What are the Effects of High Blood Pressure on the Eye?

The effects of high blood pressure on the eye may include vision problems and burst blood vessels. People with high blood pressure often appear to have bloodshot eyes, and this is often directly related to increased flow of blood to the tiny blood vessels inside the eyes. Over time, high blood pressure can cause many to burst and others to appear enlarged and very noticeable. The burst vessels can lead to hypertensive retinopathy, which often causes blurred vision and may eventually result in blindness. People with high blood pressure may also experience severe headaches, which tend to be directly related to the increased flow of blood to the eyes.
A person suffering from the effects of high blood pressure on the eye is typically not able to treat the problem until the high blood pressure is dealt with. Once a person’s blood pressure starts to go down, he will most likely begin to notice an improvement in his vision and the appearance of his eyes. In some cases, the elevation in blood pressure can lead to permanent damage. Whether or not a person’s eye problems can be treated typically depends on how long she has had high blood pressure. People who have only recently developed high blood pressure will likely not have as much eye damage as a person who has been struggling with the condition for years.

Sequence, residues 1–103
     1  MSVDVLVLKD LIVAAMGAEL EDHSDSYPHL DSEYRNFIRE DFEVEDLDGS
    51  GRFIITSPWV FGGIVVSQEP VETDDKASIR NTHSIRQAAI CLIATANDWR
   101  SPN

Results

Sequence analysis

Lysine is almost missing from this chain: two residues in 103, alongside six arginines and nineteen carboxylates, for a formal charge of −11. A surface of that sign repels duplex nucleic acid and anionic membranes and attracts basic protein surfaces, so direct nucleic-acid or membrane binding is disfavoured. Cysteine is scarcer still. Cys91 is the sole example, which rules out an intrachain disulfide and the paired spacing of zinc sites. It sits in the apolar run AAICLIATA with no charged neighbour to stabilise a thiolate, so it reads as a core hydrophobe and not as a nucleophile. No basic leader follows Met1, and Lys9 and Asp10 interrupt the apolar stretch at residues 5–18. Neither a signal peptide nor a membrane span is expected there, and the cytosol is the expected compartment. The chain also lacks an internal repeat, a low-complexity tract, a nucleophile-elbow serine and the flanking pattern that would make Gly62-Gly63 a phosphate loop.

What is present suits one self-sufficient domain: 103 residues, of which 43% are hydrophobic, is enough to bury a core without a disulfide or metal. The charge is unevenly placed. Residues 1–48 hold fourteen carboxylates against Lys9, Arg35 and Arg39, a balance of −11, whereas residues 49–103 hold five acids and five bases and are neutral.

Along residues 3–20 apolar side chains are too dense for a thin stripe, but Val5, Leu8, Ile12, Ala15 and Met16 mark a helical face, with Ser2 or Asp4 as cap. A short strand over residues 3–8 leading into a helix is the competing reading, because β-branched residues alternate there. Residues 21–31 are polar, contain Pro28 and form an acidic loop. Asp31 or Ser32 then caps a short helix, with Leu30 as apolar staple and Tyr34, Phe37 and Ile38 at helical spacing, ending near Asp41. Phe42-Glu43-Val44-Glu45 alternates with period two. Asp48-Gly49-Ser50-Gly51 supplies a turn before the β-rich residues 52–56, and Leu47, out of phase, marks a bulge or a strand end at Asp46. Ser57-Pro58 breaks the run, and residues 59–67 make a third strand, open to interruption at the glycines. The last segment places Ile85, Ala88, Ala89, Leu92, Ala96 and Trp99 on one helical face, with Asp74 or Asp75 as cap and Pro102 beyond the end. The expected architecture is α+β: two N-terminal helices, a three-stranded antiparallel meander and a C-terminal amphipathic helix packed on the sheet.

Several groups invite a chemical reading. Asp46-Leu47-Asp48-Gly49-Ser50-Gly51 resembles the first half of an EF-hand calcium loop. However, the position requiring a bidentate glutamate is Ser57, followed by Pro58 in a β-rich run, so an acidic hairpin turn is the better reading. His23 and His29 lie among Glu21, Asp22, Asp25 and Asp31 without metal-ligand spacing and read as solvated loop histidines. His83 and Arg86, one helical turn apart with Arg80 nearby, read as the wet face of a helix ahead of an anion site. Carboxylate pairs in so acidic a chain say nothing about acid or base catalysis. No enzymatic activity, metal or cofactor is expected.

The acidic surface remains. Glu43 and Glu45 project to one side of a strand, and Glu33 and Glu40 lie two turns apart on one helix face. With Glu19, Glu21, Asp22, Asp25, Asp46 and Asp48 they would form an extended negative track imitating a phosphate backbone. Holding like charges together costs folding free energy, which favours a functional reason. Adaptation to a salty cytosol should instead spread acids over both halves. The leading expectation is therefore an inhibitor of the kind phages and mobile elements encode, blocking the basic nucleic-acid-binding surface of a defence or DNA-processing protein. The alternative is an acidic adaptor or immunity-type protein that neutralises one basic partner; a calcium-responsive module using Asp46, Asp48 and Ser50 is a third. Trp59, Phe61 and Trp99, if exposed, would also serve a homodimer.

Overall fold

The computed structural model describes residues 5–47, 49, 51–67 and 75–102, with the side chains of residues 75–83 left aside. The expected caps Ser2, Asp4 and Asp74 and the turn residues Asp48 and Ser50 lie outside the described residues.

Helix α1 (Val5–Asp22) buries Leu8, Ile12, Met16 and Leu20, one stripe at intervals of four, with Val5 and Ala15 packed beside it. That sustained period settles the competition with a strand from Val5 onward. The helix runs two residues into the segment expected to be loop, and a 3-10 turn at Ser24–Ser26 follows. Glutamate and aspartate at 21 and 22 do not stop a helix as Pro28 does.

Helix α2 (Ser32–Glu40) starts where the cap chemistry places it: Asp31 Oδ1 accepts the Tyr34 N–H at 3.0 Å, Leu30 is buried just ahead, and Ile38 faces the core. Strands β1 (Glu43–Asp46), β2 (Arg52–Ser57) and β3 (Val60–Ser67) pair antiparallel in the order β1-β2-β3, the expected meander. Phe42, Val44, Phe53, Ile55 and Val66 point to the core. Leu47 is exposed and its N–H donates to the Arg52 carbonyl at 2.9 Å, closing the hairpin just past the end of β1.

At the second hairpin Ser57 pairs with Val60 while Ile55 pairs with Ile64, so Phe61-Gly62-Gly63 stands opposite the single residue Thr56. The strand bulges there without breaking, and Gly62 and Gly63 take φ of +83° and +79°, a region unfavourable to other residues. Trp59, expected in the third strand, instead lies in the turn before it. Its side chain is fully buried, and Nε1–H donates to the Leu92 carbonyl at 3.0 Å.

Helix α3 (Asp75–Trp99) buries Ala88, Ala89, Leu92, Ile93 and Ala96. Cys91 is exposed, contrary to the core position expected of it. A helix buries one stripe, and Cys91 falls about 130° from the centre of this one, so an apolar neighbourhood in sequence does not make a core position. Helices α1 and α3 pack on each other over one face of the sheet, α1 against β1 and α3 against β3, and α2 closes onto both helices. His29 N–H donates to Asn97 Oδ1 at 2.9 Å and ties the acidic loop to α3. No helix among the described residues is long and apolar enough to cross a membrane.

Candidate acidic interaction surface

To determine whether the effects of high blood pressure on the eye have led to hypertensive retinopathy, an eye doctor must perform an examination. The examination may involve the use of dye under a bright light. This will most likely help the doctor see just how bad the eye damage is. After the examination, an eye doctor will probably diagnose her patient with hypertensive retinopathy if it is present and proceed with discussing treatment options.
Most people with eye damage related to high blood pressure will be advised to get their blood pressure under control first. This might involve both the use of prescription medication as well as lifestyle changes. Controlling the blood pressure is usually enough to treat the hypertensive retinopathy, but there are some other things a person can do at home if eye redness persists, even after his blood pressure goes down. Taking B complex and A vitamins may both benefit the vision, and a tea made from raspberry leaves could be beneficial for reducing the appearance of bloodshot eyes when applied to the eyes with a cotton ball.